10/29/2012 08:13 am ET Updated Dec 29, 2012

Norway's Quiet, Rugged Nature (PHOTOS)

I wanted to immerse myself in Norwegian nature -- fjords, mountains, coastal fishing villages -- but I had to spend a few days checking out the capital of Oslo before heading into the wild so I checked into Hotel Guldsmeden, a hip, eco-hotel ten minutes from the city center.

My first stop was Tjuvholmen, an up-and-coming waterfront arts area that is home to the Renzo Piano-designed contemporary Astrup Fearnley Museum, which just opened in September. Tjuvholmen abuts Aker Brygge, an entertainment district with a lively stretch of open-air restaurants along the Norway Fjord. In the distance are the twin brick towers of City Hall where the Nobel prizes are awarded and beyond that on a promontory lies Akershus Fortress, they city's medieval castle built by King Haakon V.

I packed in a lot those two days, checking out versions of Munch's Scream in the National Gallery (I also enjoyed the landscapes from Norwegian artist Johan Christian Dahl) and in the Munch Museum (if you're in New York, a version will be on display at the MoMA until April 29, 2013). I strolled through trendy Grunerlokka and visited the Grand Hotel where celebrities and dignitaries stay (I found out the crowd of teens outside were waiting for singer Rihanna). In the Grand Café, where Grieg and Munch once socialized, I lunched on open-faced salmon sandwiches and took in the great people-watching. Other restaurants of note include the two-Michelin-starred Maaemo and one-starred Statholdergaarden. In Tjuvholmen, I had an excellent seafood meal at Tjuvholmen Sjomagasin overlooking the museum.

Not long after my flight landed in Kristiansund on Norway's western coast, I found myself on a harbor cruise, gliding by its mustard yellow and barn red homes tucked into the hillsides and old fish warehouses used to dry and salt cod. Cod was once its biggest export; today the town is a hub for supply boats for the gas and oil industries (oil was discovered in the North Sea in 1969/70 making Norway an extremely wealthy country). At Smia Fish, a traditional 18th century wood-beamed cottage I ate a bowl of bacalhau, a hearty cod stew.

It was from here that I set out to drive the coastal Atlantic Road, one of Norway's 18 designated National Tourist Routes. The road zigzags over small islands jutting into the sea connected by a series of bridges (back in the day, boats were the only way for residents of these isolated communities to get around).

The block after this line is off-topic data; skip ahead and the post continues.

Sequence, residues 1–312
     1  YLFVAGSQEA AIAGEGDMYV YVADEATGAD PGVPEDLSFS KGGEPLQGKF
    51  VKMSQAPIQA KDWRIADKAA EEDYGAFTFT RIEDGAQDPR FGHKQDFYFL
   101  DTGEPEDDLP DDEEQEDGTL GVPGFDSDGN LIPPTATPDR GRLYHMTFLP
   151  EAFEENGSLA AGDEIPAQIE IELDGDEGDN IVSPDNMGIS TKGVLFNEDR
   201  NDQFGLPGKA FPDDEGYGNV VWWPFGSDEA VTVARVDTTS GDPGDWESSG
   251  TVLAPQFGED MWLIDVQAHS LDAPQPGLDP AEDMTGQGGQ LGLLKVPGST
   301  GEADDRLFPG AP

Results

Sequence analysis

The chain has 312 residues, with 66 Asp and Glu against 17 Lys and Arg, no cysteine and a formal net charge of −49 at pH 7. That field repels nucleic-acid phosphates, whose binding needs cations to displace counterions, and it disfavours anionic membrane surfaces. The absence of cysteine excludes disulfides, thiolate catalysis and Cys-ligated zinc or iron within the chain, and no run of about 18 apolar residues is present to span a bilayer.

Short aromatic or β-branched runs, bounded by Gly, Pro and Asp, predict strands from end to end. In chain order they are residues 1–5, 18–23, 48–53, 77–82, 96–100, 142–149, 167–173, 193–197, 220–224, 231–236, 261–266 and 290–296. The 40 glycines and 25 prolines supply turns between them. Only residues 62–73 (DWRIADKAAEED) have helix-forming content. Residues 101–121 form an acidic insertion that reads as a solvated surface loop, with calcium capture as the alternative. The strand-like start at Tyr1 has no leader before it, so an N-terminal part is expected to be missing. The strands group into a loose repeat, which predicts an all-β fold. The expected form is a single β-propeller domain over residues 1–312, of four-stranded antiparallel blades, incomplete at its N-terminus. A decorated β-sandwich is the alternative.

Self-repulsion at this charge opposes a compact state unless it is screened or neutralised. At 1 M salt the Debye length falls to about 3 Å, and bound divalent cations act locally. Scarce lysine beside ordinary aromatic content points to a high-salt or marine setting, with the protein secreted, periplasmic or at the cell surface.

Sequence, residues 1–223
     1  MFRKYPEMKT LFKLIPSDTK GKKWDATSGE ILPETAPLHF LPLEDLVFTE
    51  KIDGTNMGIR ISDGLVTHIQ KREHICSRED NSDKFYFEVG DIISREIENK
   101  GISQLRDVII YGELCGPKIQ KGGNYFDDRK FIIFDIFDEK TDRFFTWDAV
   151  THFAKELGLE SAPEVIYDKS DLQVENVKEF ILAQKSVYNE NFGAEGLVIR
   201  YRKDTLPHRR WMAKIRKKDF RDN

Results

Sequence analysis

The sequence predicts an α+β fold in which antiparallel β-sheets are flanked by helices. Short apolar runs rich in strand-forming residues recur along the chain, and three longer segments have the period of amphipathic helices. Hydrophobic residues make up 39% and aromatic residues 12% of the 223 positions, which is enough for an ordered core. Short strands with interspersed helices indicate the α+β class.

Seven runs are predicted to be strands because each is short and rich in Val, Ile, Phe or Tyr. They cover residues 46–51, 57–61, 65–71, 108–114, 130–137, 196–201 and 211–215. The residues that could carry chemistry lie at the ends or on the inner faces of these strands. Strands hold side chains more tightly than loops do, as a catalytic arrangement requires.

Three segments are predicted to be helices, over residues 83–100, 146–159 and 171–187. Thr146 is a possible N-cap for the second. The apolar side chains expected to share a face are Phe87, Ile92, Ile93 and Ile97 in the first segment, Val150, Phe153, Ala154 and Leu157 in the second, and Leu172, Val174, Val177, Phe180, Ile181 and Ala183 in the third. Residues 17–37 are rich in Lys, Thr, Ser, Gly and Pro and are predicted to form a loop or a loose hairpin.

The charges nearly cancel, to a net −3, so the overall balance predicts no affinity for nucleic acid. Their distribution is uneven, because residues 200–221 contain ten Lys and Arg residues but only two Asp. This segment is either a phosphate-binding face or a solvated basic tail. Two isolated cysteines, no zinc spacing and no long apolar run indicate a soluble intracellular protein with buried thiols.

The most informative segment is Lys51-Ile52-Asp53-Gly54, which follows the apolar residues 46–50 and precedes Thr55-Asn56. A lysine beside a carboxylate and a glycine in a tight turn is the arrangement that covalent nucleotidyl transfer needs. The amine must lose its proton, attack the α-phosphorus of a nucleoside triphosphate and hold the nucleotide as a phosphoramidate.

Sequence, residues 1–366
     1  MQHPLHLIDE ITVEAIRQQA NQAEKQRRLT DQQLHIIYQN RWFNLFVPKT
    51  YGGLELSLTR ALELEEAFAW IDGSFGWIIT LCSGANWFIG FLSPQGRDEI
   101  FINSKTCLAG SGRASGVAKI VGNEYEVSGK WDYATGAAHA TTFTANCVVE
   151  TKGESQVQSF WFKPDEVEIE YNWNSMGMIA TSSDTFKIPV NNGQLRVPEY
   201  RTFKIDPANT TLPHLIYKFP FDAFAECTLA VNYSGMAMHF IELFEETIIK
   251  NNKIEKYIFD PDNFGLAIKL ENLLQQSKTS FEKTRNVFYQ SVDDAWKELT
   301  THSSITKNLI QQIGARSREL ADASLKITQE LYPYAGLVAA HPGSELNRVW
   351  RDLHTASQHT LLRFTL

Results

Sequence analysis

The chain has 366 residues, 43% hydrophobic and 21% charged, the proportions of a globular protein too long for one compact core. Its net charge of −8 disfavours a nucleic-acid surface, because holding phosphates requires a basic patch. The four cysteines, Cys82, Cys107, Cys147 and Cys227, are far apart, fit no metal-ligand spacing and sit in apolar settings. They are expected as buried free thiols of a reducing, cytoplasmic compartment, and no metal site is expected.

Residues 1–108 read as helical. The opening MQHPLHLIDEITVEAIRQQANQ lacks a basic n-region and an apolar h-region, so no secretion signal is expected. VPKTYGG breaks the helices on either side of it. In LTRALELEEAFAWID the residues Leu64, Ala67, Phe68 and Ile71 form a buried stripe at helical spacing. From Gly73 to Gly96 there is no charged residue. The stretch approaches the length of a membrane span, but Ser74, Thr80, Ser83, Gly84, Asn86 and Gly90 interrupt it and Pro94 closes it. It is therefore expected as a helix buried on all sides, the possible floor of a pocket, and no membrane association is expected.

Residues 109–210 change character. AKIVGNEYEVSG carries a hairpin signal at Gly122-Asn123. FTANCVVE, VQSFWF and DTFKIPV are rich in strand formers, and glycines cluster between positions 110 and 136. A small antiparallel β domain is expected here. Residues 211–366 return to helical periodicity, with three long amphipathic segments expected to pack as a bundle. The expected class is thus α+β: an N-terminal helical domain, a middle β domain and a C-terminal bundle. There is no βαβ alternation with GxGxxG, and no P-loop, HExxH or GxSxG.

I overnighted on the charming island of Haholmen, a 13-acre former fishing village and trading post with just a handful of red and yellow cottages, many dating from the 18th century, where visitors can stay. To reach the island you take a replica Viking ship. There's a small dining room and a wood-paneled bar decorated with old fishing and boating equipment. There's also a museum dedicated to Ragnar Thorseth, the famous Norwegian adventurer who owned the island until the late 80s. He is most known for sailing a replica of a 1,000 year old Viking ship, the Saga Siglar around the world. It was destroyed on the final leg of his journey and now the some of the salvaged pieces have been reassembled and are on display.

Another highlight was the town of Alesund, known for its many Art Nouveau buildings and spectacular city and water views from atop Mount Aksla. But what's not to be missed is a cruise along the Geirangerfjord. You depart from the port of Hellesylt for the hour-long ferry ride which takes you through some of the country's most beautiful scenery--cascading waterfalls, snow-capped mountains, huts from long abandoned farms. You disembark in Geiranger, a pretty tourist village where you can stock up colorful wool sweaters and other local souvenirs. After dinner at the Hotel Union, a family-owned hilltop hotel dating from 1891 with fabulous fjord views, I took a tour of the basement car museum, which has a rare collection of vintage automobiles, originally used during the 1920s and 30s to show tourists the fjords. Today, there is a collection of pristine-condition vehicles including a Studebaker, a Ford and a Cadillac (they can be rented for special occasions).

My last stop was Bergen and I couldn't think of a better place to cap off my whirlwind trip. Many travelers have told me that Bergen was their favorite city in all of Norway. And with its pretty harbor, colorful Hanseatic buildings, laid-back vibe and fun nightlife, it's not hard to see why. Join locals down by the recently renovated fish market for a Hansa beer and a shrimp sandwich and simply take in the beauty and peacefulness that is Norway.

For more information log onto

Natural Norway